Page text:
PERU - When it comes to the Underground Railroad, the Stephen Keese Smith property on Union Road is well-known, particularly Keese Smith's barn.
"The barn is the most documented site in Clinton County," said Don Papson, president of the North Country Underground Railroad Historical Association (NCUGRHA). "There are a lot of oral histories about places where its believed slaves were hidden, but Stephen Keese Smith actually told his recollections and they were written down."
The barn, built in the early 1800s, contains a built-in room as part of the foundation system, said Papson. And, though Keese Smith - a known abolitionist in the 1800s and nephew of Samuel Keese, head of Underground Railroad in Peru - never actually said in his recollections he had people in that particular barn, the man was said to have had "large buildings in which he concealed people."
"We're combining his recollections and the fact there is a mysterious room that is built in to the barn," said Papson.
Papson said the barn, currently owned by Frank and Jackie Perusse, has been in dire need of repair for some time. The problem, said Papson, is the previous owners cut a structurally-critical beam to adjust the height of the barn's second floor.
"Right now, the problem is one of the walls is bowing out. If it isn't stabilized, then we could lose the whole barn," said Papson.
The main focus is to raise enough funding to stabilize the structure and eventually restore it to its original condition. The NCUGRHA and the Perusses have been working with an architectural engineer and a barn restoration expert to determine the cost of an overall restoration.
The initial stage of stabilizing the building could cost up to $5,000, Papson said, estimating the total project could be as much as $75,000.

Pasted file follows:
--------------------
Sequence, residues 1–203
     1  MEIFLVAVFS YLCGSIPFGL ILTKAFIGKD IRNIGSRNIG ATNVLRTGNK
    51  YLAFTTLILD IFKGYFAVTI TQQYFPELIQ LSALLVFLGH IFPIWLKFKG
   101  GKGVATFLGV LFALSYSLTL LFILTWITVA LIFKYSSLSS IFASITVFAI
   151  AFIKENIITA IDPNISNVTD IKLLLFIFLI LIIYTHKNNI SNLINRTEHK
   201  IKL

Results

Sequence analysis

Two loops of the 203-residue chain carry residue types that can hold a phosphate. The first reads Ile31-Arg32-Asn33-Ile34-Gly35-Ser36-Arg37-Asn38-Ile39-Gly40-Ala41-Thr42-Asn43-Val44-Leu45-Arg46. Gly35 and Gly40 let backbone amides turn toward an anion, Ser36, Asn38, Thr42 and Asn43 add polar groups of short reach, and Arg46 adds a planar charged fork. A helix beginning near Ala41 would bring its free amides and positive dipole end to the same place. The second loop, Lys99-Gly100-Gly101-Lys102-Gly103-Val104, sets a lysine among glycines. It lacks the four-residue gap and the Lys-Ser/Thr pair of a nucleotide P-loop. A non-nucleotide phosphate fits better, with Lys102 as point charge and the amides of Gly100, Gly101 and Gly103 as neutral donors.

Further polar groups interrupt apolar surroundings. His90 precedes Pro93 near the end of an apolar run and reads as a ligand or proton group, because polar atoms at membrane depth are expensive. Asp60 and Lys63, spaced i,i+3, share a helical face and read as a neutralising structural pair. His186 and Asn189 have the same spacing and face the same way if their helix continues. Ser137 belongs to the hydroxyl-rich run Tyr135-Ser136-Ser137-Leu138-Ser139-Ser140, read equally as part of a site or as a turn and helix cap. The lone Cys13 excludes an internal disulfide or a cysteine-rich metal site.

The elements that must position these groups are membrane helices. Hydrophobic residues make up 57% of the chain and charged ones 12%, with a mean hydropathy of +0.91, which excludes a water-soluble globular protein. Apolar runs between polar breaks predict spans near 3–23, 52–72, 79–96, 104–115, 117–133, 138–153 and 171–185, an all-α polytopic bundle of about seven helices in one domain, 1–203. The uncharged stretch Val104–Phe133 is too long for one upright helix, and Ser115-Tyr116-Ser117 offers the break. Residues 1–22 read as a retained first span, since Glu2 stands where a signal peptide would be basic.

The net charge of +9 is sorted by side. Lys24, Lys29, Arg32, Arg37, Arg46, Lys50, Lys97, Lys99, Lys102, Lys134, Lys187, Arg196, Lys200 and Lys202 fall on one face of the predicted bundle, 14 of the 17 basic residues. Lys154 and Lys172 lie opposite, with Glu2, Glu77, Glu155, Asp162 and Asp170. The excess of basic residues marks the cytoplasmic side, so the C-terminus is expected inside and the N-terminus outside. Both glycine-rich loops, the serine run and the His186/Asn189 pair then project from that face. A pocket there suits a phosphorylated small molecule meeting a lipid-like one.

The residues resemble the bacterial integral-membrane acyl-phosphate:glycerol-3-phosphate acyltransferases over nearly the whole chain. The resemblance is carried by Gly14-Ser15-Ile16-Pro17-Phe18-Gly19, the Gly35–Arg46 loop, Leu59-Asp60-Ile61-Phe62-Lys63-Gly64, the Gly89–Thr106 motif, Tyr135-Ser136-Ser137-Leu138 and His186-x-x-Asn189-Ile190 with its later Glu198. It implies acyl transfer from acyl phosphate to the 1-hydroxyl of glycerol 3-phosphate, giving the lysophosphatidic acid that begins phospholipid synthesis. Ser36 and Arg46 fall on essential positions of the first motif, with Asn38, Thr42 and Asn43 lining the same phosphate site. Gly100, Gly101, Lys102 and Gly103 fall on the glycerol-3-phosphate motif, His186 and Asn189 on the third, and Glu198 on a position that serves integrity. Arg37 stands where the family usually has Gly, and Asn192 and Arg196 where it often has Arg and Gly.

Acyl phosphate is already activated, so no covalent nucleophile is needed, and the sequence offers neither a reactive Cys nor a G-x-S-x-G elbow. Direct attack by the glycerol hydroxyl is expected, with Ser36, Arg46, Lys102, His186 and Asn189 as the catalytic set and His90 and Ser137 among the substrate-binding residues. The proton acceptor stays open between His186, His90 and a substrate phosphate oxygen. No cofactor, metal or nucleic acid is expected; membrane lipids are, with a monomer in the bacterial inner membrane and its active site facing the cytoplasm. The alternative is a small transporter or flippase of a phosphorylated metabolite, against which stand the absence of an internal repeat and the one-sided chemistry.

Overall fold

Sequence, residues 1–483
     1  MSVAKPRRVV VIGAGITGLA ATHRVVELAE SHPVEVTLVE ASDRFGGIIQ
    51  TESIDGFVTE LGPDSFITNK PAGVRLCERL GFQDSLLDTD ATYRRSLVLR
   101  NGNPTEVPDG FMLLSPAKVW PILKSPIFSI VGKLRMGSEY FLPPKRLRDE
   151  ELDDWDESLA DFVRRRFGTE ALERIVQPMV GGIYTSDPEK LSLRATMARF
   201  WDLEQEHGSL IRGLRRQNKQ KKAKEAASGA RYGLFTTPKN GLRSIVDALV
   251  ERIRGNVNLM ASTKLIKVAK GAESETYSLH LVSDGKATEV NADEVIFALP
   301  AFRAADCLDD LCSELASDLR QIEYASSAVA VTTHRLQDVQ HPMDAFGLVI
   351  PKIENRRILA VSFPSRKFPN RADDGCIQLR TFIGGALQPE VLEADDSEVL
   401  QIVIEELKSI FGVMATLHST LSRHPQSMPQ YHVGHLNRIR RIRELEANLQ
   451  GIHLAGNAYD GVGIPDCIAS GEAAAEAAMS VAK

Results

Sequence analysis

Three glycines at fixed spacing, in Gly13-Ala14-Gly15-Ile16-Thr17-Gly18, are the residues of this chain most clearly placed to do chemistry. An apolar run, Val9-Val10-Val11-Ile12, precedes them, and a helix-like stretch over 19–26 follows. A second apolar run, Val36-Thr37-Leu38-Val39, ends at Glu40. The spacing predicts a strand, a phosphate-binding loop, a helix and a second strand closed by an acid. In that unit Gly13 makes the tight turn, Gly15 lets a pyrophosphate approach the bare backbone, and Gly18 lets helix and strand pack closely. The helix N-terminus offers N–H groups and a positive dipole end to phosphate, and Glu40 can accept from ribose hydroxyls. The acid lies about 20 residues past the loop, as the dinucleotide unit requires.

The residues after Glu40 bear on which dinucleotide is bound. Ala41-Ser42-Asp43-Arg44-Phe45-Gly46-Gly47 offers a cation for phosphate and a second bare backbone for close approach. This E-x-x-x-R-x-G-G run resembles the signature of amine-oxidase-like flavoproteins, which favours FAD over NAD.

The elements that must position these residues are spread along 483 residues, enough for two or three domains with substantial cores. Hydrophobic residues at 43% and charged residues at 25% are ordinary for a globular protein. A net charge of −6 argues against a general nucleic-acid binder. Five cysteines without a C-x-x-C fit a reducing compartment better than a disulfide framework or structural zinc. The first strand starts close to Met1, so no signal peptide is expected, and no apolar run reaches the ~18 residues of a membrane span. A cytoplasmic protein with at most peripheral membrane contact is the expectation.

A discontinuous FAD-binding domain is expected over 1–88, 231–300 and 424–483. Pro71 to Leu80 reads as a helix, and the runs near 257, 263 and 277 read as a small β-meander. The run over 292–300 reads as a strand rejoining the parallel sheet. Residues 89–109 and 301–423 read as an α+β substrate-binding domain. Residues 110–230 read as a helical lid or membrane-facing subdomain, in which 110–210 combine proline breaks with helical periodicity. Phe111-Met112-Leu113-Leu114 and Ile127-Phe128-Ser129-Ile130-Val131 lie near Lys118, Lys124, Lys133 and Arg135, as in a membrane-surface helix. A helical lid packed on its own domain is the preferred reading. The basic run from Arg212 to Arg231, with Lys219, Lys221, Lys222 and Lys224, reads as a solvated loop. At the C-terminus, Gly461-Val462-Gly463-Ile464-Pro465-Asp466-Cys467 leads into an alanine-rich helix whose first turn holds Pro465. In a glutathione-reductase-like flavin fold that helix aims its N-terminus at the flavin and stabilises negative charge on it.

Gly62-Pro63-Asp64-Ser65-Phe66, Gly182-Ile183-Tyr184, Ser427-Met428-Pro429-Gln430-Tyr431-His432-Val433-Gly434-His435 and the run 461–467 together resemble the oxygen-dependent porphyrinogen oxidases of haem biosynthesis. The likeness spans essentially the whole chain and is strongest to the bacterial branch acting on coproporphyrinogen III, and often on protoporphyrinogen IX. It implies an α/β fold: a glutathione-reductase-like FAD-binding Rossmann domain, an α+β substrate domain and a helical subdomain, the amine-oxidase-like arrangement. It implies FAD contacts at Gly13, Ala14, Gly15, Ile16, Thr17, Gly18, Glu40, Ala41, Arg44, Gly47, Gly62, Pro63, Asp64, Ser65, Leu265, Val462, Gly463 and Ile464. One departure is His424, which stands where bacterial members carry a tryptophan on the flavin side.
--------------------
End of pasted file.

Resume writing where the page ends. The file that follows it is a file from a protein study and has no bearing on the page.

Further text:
"That's very high, but it just depends on how much work we do down the road," he said.
The cost to restore the barn could have been covered through a state grant at one point, explained Papson. However, the Perusses would have had to claim the grant as income, thereby changing their tax bracket status. Also, the grant would have made the Perusses responsible for the structure for several years with any future repairs needing to come from their own pockets.
"We found out very few of these restoration grants for barns were actually accepted by people when they found out what strings were attached," said Papson.
That's why the NCUGRHA is hosting a fundraiser next Friday, March 19, at the Peru Community Church on Elm Street. The event, said Papson, will focus on the role of women in the fight to abolish slavery. Catharine R. Keese, wife of Samuel Keese and aunt to Keese Smith, will be recognized. The Keese family matriarch served as president of the Female Anti-Slavery Society, said Papson.
The March 19 event, which will begin at 7 p.m., will feature a performance by Sounds of the Northway, featuring female artists Ann Ruzow Holland, Cathie Davenport and Jennifer Van Benschoten. During the evening, a presentation about the restoration project will be made, including photographs of the barn in its current state. Papson said he hopes people will be moved by the presentation and the NCUGRHA's efforts to save the structure.
"This is our history and if we don't save it, it's going to be gone," said Papson.
The cost of admission will be $10 for adults and $8 for children and senior citizens.
For more information, call 561-0277 or visit www.northcountryundergroundrailroad.com.